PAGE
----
What's really sad is that, while we've been messing around with remaking Pride and Prejudice, those who are against the church have been busy collecting Golden Globes, Tony's and film festival awards for their contributions. As blasphemous as Big Love, Latter Days and The Book of Mormon musical are, at least they're cinematically well made! This is definitely not a sign of encouragement. In a time when the world has been looking pretty closely at us as a people, and we even have a member running for the White House, do we really want the only people telling our story be the guys who made South Park?
I know that good LDS movies can be made, I've seen it happen once upon a time. I know we have brilliant LDS entertainers with standards, like Russell Kendall and David Archuleta, so why can't we put together a decent film? You know what would look better than one of those tacky Moroni replicas on someone's mantle? An Oscar!


  1. The Best Two Years was probably the high point of LDS themed movies. Although the RM and Singles Ward were funny, they got old fast...really fast. I would still sit down and watch The Best Two Years or God's Army, even after seeing them multiple times.

    Oh, and the latest Joseph Smith movie (from the church) was awesome! Intense, spiritual, and moving. I forget what it's called off the top of my head.

    1. I think it's just called the Joseph Smith movie.

  2. The only truly "LDS" movie that you have mentioned that I fully enjoyed was The Best Two Years. A little cheesy in parts, but I like how one of the main character missionaries struggled with his motivation and testimony. Made it more real.

  3. If it's the one at Temple Square, I believe it's called "Joseph: Prophet of the Restoration." There was another LDS themed film that wasn't mentioned that I thought was pretty good. "Saints and Soldiers." It does get a little long in places, but I think worth a look.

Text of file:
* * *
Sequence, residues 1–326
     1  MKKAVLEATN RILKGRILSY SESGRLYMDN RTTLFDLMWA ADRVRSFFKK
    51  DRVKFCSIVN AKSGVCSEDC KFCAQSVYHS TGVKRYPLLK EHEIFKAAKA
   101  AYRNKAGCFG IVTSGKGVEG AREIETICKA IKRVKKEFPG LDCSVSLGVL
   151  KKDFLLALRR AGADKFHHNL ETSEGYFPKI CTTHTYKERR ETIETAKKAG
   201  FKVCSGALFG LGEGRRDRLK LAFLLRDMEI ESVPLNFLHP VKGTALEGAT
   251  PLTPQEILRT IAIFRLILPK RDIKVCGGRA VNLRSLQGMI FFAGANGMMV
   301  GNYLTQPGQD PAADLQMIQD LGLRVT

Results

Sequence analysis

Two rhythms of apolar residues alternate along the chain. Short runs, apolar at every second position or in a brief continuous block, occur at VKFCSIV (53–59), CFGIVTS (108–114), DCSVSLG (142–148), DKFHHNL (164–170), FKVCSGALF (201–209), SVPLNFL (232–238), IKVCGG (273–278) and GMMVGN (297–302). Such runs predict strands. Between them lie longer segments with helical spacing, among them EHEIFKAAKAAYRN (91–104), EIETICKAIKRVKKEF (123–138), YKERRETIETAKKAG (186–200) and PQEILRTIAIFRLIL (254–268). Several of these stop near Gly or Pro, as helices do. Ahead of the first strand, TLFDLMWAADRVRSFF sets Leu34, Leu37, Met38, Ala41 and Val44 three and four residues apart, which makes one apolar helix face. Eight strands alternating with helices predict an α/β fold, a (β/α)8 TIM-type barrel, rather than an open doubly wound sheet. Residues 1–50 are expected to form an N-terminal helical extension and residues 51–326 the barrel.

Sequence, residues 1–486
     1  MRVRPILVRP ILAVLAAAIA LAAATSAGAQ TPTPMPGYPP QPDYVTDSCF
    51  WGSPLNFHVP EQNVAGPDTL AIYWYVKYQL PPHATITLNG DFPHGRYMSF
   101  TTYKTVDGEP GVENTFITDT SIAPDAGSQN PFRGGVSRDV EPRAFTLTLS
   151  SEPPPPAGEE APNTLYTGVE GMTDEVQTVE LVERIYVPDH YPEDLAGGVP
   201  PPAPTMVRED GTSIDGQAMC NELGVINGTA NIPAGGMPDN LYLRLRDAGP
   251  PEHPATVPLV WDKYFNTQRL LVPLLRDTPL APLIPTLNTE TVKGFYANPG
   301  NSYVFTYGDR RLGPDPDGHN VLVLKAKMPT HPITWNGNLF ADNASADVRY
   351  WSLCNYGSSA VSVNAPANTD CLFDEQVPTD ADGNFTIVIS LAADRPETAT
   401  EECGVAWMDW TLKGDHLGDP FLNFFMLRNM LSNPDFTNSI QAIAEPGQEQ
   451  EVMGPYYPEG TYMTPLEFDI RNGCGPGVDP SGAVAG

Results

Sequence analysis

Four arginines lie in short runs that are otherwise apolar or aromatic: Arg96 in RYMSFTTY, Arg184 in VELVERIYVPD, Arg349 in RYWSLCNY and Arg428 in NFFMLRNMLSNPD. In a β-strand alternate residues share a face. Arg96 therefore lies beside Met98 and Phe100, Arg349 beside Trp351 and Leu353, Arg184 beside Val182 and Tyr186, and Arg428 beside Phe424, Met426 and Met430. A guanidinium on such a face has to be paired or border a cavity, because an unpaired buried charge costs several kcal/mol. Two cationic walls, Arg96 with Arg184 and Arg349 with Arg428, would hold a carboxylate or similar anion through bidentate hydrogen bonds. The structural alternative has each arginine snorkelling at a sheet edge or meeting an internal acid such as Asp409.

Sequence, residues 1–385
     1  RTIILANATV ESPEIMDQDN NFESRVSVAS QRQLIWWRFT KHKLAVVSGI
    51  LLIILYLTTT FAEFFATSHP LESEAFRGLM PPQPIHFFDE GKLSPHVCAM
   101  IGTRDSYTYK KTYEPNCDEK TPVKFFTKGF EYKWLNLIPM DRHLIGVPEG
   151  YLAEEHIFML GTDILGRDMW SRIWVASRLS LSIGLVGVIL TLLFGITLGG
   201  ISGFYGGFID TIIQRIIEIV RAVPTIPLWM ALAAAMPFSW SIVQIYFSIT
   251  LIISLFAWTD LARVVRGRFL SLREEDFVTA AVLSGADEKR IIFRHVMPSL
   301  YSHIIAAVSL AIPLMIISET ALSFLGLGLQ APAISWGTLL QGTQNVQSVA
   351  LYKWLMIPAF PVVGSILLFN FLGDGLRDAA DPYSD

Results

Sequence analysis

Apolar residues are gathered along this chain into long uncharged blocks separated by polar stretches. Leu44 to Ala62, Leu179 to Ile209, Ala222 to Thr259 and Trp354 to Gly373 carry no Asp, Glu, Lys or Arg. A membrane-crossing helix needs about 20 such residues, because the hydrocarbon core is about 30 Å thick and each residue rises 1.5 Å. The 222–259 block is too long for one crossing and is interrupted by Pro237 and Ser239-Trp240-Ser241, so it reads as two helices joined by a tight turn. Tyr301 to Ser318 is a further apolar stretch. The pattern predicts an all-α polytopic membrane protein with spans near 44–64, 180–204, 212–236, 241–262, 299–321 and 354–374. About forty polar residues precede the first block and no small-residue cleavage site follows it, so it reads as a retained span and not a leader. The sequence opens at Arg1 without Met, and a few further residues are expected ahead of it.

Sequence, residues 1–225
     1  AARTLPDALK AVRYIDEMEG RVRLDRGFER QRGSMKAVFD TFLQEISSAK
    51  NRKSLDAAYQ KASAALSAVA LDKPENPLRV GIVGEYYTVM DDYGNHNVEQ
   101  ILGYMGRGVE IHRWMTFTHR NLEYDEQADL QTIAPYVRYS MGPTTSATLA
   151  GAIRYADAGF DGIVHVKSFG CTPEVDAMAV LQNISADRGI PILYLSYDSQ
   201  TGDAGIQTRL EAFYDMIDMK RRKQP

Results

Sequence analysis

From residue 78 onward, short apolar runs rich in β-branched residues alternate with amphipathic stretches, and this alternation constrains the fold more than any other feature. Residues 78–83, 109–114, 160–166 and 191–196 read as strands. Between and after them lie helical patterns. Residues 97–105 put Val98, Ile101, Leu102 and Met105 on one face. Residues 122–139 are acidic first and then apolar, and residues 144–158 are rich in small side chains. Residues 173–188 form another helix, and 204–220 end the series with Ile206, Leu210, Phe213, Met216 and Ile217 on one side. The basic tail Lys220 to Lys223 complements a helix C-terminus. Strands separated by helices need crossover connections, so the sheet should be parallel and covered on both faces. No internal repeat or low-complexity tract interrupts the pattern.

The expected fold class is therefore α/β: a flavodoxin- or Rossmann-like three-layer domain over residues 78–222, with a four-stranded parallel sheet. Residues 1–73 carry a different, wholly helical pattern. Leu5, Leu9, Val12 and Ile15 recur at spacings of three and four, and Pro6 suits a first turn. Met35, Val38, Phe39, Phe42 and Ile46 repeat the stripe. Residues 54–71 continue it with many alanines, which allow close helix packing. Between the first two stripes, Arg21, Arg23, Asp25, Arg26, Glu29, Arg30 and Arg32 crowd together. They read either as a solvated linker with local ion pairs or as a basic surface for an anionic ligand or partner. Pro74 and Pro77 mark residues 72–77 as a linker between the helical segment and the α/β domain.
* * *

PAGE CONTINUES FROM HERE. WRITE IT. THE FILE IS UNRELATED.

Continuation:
1. "Saints and Soldiers" is one of the rumors I've heard. I also know the little controversy it stirred trying not to get rated R due to a couple pints of blood. My thoughts are: If you're going to make a movie about a WWII combat medic you had BETTER have a lot of blood!

  4. The Best Two Years is the pinnacle of LDS films, in my not-so-humble opinion.

    And really, if I could afford it, I would gladly make LDS films. There are a lot of books out there that would make awesome films (some of them aren't even LDS based themes, just LDS authors and publishers).

    Oh if I had money/backing.

  5. Saints and Soldiers was a great piece of independent film. It was well acted and it looked like they had a bigger budget then the really did. It's a war movie, so it's a little violent, but I really liked it.

    The Best Two Years is probably my favorite though.

  6. I think that Saints and Soldiers is probably the best film of them all, but the Best Two Years has a better "replay" value. It's light-hearted enough that I wouldn't mind seeing it over and over, whereas Saints and Soldiers will leave me a sobbing mess on my couch.